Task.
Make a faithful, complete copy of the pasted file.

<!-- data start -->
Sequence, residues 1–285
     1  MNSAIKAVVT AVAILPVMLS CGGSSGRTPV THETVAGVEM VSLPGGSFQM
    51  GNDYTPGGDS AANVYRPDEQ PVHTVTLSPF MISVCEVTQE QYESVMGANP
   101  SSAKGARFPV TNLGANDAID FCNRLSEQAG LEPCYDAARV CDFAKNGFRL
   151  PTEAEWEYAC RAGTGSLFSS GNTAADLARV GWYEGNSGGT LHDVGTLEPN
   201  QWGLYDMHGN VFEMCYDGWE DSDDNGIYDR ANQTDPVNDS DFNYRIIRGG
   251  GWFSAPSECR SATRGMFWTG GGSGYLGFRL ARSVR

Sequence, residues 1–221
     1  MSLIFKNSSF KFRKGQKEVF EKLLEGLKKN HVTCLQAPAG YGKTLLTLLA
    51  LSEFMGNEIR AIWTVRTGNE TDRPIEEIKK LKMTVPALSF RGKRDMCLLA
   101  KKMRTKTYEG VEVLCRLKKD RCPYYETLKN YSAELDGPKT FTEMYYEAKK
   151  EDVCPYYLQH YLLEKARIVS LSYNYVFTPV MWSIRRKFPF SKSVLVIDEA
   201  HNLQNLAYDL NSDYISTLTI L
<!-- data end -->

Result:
Sequence, residues 1–285
     1  MNSAIKAVVT AVAILPVMLS CGGSSGRTPV THETVAGVEM VSLPGGSFQM
    51  GNDYTPGGDS AANVYRPDEQ PVHTVTLSPF MISVCEVTQE QYESVMGANP
   101  SSAKGARFPV TNLGANDAID FCNRLSEQAG LEPCYDAARV CDFAKNGFRL
   151  PTEAEWEYAC RAGTGSLFSS GNTAADLARV GWYEGNSGGT LHDVGTLEPN
   201  QWGLYDMHGN VFEMCYDGWE DSDDNGIYDR ANQTDPVNDS DFNYRIIRGG
   251  GWFSAPSECR SATRGMFWTG GGSGYLGFRL ARSVR

Sequence, residues 1–221
     1  MSLIFKNSSF KFRKGQKEVF EKLLEGLKKN HVTCLQAPAG YGKTLLTLLA
    51  LSEFMGNEIR AIWTVRTGNE TDRPIEEIKK LKMTVPALSF RGKRDMCLLA
   101  KKMRTKTYEG VEVLCRLKKD RCPYYETLKN YSAELDGPKT FTEMYYEAKK
   151  EDVCPYYLQH YLLEKARIVS LSYNYVFTPV MWSIRRKFPF SKSVLVIDEA
   201  HNLQNLAYDL NSDYISTLTI L